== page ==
7 reasons to maximize your Roth IRA

If you’ve opened a Roth IRA, you’ve already laid the groundwork for one of the most important parts of your life: saving money for your years of service.

However, opening a Roth IRA is only the first step in a smart retirement savings strategy. To maximize its benefits, you need to focus on maximizing your contributions. Reaching this threshold seems different, depending on your age: if you are under 50 in 2021, you can contribute up to $ 6,000. If you are 50 or over, you can put in an additional $ 1,000 for a total of $ 7,000.

Should I Maximize My Roth IRA?

Depositing $ 6,000 or $ 7,000 in a Roth IRA will not give you the immediate rush for tax relief. Since your contributions are not tax deductible, regardless of your income or whether you have a working pension plan, you might be tempted to use that money for other purposes.

However, if you can afford to maximize your Roth IRA, waiting for the deferred gratification of tax-free withdrawals in retirement can turn out to be one of your smartest financial decisions. Consider these seven reasons.

7 reasons to maximize your Roth IRA

1. Without obligation to withdraw funds, it can be used as longevity insurance

One of the unique advantages of a Roth IRA is that it does not have: the obligation to start withdrawing money at a certain age. With other tax-deferred options like a traditional IRA or 401 (k), account holders must start withdrawing money before age 72.

Think about your family history. Is one of your grandparents still alive at 90? While the average American today has a life expectancy of around 77 years, keep in mind that advances in medicine may increase this typical time frame. A Roth IRA gives you a reserve of money in which you can wait until you think the time is right. Regardless of your current age, the much older version of yourself will be grateful for these maximum contributions.

2. Contributions can also benefit your heirs

You may never need to use your Roth IRA money, which means your heirs will be the ones to thank you for your decision to maximize your contributions.

Your heirs will have to withdraw the money over a period of 10 years after your death, but their withdrawals will be tax-free since it is a Roth IRA.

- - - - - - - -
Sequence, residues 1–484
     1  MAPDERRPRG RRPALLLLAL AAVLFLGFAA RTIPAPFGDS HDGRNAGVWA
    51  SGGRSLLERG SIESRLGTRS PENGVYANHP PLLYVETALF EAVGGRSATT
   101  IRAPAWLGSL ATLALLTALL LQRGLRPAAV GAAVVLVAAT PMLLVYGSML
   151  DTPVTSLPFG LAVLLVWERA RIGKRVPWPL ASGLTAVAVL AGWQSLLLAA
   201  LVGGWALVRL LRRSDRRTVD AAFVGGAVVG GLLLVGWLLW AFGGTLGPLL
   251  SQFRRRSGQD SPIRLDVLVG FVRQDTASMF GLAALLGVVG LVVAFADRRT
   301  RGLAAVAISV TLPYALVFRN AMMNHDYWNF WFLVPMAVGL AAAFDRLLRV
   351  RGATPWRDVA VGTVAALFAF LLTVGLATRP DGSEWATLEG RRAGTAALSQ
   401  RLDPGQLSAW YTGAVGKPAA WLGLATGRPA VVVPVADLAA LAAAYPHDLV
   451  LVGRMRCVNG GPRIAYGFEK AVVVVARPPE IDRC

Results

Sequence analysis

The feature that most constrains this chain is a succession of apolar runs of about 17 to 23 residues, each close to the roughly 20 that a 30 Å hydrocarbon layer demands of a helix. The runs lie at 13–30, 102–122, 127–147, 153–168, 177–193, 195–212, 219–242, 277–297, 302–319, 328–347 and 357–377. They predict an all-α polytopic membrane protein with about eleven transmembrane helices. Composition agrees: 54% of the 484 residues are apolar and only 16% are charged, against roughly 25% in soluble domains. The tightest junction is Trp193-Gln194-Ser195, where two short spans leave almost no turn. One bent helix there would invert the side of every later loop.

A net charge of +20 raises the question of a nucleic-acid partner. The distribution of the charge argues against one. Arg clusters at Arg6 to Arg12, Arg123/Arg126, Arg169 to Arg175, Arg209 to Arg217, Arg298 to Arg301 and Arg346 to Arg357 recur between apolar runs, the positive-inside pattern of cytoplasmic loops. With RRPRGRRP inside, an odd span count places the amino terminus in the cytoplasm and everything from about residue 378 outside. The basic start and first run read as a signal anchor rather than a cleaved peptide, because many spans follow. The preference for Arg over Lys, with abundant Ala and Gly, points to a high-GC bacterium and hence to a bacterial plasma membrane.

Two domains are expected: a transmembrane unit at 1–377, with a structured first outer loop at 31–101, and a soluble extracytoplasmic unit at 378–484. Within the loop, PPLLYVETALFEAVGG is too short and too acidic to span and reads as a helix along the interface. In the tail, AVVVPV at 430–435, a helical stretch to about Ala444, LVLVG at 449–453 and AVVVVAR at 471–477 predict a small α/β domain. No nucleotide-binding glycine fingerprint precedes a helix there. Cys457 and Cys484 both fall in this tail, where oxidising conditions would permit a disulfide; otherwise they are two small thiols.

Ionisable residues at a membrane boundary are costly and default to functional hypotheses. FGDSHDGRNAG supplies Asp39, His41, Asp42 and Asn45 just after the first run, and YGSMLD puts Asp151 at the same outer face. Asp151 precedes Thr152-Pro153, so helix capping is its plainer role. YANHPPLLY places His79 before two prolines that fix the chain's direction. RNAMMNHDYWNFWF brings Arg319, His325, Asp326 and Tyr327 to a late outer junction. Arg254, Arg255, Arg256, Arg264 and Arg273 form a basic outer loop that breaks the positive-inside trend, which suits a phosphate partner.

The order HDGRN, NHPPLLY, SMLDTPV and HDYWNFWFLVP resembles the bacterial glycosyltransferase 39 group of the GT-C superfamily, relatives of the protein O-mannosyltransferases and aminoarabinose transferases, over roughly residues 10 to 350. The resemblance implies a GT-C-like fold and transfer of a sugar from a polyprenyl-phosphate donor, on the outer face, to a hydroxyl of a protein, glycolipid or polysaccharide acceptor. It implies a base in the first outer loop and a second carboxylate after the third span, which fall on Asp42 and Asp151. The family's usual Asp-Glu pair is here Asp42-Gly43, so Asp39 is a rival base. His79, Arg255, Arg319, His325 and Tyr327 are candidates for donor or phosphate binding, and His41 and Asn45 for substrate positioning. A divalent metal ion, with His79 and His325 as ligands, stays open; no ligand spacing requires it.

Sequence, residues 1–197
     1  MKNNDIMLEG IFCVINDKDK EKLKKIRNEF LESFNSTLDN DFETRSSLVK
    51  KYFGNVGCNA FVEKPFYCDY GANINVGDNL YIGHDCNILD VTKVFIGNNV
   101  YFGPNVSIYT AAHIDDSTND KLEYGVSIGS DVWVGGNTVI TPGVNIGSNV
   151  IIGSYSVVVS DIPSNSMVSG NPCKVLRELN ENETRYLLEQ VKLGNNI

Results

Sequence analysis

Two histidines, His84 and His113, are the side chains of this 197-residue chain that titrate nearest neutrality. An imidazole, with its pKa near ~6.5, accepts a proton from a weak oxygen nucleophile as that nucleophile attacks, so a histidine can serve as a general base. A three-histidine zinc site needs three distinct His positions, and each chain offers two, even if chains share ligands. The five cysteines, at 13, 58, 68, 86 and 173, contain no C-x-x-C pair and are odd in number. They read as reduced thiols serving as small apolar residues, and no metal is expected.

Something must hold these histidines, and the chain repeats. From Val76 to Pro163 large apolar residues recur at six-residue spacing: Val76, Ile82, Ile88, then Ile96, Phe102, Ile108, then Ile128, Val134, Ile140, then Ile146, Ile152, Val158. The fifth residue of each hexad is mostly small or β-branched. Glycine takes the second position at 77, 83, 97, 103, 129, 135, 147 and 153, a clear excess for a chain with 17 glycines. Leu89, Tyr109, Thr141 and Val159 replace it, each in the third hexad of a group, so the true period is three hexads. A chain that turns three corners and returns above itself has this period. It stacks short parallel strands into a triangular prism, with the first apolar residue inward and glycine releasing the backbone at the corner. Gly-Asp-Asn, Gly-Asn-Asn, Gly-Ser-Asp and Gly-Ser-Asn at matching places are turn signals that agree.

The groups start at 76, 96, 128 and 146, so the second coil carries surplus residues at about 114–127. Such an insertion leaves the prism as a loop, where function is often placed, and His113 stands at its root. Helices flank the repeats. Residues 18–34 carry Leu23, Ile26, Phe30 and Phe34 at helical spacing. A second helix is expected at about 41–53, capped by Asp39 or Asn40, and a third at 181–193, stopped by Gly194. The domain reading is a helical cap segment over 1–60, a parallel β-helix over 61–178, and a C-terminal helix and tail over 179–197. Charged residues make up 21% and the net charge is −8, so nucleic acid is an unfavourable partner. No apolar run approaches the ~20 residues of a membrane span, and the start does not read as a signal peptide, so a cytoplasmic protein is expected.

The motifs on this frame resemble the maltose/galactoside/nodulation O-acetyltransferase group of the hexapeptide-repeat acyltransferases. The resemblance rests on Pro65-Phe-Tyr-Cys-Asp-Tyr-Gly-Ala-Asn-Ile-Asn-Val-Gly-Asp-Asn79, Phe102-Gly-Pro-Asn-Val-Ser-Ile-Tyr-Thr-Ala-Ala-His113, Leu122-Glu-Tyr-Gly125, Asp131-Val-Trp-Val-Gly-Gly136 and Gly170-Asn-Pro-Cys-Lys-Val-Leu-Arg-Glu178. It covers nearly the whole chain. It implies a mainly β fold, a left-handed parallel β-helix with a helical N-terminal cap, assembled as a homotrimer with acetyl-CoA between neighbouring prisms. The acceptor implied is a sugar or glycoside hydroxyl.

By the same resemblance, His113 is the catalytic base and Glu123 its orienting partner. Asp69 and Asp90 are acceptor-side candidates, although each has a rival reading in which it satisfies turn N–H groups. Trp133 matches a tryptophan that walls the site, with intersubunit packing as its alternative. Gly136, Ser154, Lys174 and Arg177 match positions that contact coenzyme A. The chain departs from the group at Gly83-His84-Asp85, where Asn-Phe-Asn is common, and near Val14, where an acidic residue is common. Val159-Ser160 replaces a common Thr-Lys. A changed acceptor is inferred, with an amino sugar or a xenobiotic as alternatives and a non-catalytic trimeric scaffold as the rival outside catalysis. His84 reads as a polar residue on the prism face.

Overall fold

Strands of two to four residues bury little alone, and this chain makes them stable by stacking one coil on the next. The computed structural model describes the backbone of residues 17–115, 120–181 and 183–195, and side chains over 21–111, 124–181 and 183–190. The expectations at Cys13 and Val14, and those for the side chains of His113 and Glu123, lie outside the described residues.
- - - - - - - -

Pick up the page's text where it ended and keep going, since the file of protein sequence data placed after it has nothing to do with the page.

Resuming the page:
3. Since the rules may change in the future, it is crucial to make the most of the current potential.

There is no guarantee that you will be able to contribute to a Roth IRA in the years to come. Congress might consider lowering annual income limits and making other changes, limiting who can convert a tax-deferred retirement account to a Roth IRA or restricting the ability to use a Roth IRA backdoor. , for example. So while the advantage is there, don’t let it slip away.

4. Tax rates can always change too

You can’t predict what tomorrow will look like, but there are steps you can take to protect yourself against higher taxes. By maximizing your contributions each year and paying taxes at your current tax rate, you eliminate the possibility of paying an even higher rate when you start making withdrawals. Just as you diversify your investments, this measure diversifies your future tax exposure.

5. You will have a realistic picture of your retirement budget

What you have accumulated after taxes are what really matters. After all, this is what will pay your bills. This is one of the main advantages of the Roth IRA.

Because the entire amount is yours, you have a real understanding of your future finances. The same cannot be said of your tax-deferred 401 (k) or your traditional IRA, which will involve sharing some of the proceeds with Uncle Sam.

6. This year’s contributions are an opportunity for long-term growth

Between worries about inflation and worries about the stock market’s ability to continue its recent teardown, you might be concerned about buying too high. However, maximizing your contributions is not a one-size-fits-all strategy.

Ideally, you will be contributing to your Roth IRA this year, next year, and for many years to come. And when you start withdrawing funds, you will likely be withdrawing them over a long period of time. So don’t worry about what the market is doing today or tomorrow – spend some time thinking about how your investments will look much later.

7. This money can serve as a backup of last resort for your emergency fund.

Since you have already paid taxes on the money you contribute to your Roth IRA, there are no taxes or penalties for withdrawing the money you contributed, at any time, for any reason. whether it be.

If you find yourself facing a serious emergency that completely depletes your primary emergency fund (remember that this first emergency fund is absolutely essential to your financial well-being), the money paid into your Roth IRA (but not investment income) is another buffer against major money problems.

However, I cannot stress enough the “last” as a last resort. Withdrawing from a Roth IRA is a one-way street. You are not entitled to higher annual contribution limits in future years to compensate later. Instead, any early withdrawal represents a permanent setback to your retirement planning.

When to pay your contributions

The calendar may be drawing to a close for 2021, but you have more time to maximize your contributions. You can make 2021 contributions until tax day in mid-April. If the start of 2022 is coming and you haven’t hit your max yet, focus on the rearview mirror – 2021 – before you turn to your 2022 limits.

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